As Iowa lawmakers prepare for a return to policymaking in a few weeks, Davenport city officials have five areas of focus on their legislative wish list: preservation of backfill funding, continued use of tax increment financing districts, money for juvenile corrections, wider ability to issue traffic camera penalties and tighter fireworks regulations.
The priorities are outlined in a report aldermen are expected to approve in a few weeks. Lobbying efforts are routinely laid out before the state’s legislative session begins. This year's session begins Jan. 14.
Here’s a look at the positions the city will take on the issues:
One of the largest concerns among city officials is the preservation of state-level funding known in shorthand as the backfill, which puts nearly $3 million annually toward Davenport’s coffers.
The money is received by cities across the state as part of an earlier agreement to make municipalities whole after Iowa lawmakers approved a large tax break for commercial and multi-residential properties. Iowa Republicans tried to stop the backfill payments during last year’s session, but those bills never became law.
Now, city officials fear the money is at risk because Republicans head to Des Moines with at least two years of practically unfettered control over the House, Senate and governor’s office.
Davenport wants to see “necessary backfill funding for Iowa cities,” according to the city’s report. If that is not possible, the state should work with cities to have the backfill payments phased out over time or find other funding tools to replace the loss, the report says.
Tax increment financing districts
Davenport wants no legislation to pass that would limit the city’s ability to use tax increment financing, a common tax break method that’s often used to attract investors to certain areas targeted for rehabilitation or economic development.
Among the city’s talking points are the $575 million invested in those areas and nearly 1,200 resulting jobs, according to the report. Officials also say that the practice has benefits that reach citywide, not simply the businesses within the boundary lines.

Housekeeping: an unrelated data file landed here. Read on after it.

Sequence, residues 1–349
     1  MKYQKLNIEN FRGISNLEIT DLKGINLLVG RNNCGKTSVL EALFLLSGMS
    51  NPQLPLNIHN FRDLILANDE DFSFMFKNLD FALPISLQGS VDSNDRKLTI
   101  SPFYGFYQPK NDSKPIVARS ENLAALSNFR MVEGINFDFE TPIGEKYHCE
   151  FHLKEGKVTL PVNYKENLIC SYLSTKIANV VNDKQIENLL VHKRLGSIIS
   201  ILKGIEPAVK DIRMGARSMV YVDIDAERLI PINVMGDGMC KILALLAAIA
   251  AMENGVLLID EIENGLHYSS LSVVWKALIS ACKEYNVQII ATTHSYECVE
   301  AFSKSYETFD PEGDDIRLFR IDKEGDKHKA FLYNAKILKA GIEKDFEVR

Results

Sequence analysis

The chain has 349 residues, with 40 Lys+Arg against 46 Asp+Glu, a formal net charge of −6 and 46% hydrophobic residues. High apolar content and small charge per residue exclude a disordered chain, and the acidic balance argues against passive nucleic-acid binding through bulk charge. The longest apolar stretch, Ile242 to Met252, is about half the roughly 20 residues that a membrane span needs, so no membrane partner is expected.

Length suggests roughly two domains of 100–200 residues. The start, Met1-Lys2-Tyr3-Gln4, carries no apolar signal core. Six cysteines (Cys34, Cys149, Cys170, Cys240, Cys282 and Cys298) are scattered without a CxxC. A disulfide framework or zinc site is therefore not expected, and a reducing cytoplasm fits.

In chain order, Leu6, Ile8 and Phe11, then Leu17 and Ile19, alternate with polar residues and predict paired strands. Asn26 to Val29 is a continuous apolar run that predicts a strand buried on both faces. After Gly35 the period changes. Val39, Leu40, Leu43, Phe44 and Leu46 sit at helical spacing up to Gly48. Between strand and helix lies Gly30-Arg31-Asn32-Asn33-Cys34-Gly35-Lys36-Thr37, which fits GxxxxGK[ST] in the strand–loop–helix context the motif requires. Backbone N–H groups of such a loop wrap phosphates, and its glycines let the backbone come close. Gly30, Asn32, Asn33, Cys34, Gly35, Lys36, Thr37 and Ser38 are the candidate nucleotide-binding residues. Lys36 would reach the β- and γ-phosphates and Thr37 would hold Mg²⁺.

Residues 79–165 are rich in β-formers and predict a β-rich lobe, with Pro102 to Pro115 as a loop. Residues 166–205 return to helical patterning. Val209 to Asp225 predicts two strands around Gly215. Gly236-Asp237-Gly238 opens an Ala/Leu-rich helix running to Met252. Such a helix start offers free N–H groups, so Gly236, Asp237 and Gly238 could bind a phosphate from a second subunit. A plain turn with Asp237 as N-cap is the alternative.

Juvenile crime and justice
After several months of discussions about what’s been described by city and law enforcement officials as a trend of car thefts often committed by thrill-seeking teens, Davenport wants the state to remove regulatory hurdles and help pay for a juvenile assessment center.
The center has been billed by city officials as a long-term goal to help connect troubled youth with nonprofit agencies and social services.
In recent weeks, Mayor Frank Klipsch cast a vision of a one-stop-shop for juveniles to be screened for services before entering the court system. He also described it as a place entire families would get help.
The city’s report doesn’t say how much they’ll ask the state to chip in. But city officials have said some of the money could come from Davenport’s budget or private donations, too.
Davenport wants to be able to collect fines for traffic camera violations in cases when the ticketed person has not contested the charge, a suggestion that comes a few months after the state’s Supreme Court ruled cities couldn’t do so without putting each case through the court system.
“This ruling significantly damages the integrity of the traffic system by providing the easiest method for violators to avoid penalties for running red lights or speeding on Davenport streets; they must simply do nothing,” the city’s report says.
The city’s request comes after a dramatic year for traffic cameras in Iowa. The Iowa Supreme Court also found in April that the Iowa Department of Transportation didn’t have authority to turn off or remove cameras.
City officials say they took in about $1.1 million in fines during the last fiscal year. They also credit the cameras with reducing crashes and giving Davenport police officers time to do other things.
The city also suggests traffic camera laws should be applied uniformly across the state and wants to oppose any efforts to remove or limit them.
When it comes to a fairly recent lifting of the state’s fireworks ban, city officials say they want state lawmakers to make inspections mandatory for dealers and reimburse local agencies that do inspections on the state’s behalf.
City officials say the fire department spent about two days inspecting sites over the summer at the state fire marshal's request. They also say that it cost about $2,500 to do that before considering the time lost for other commercial inspections that the department could have been doing instead.
Davenport officials also say fireworks citations have skyrocketed since state law opened up that door. During 2018, police issued 18 citations for using fireworks outside the designated time frame, compared to none in 2016 before the new laws were put in place, according to the report.
Davenport allows fireworks to be used only on July 3 and July 4 and Dec. 31. Iowa lawmakers lifted the longstanding ban in May of 2017, allowing cities to create rules concerning the use or prohibition of fireworks. But, under state law, cities cannot restrict their sale.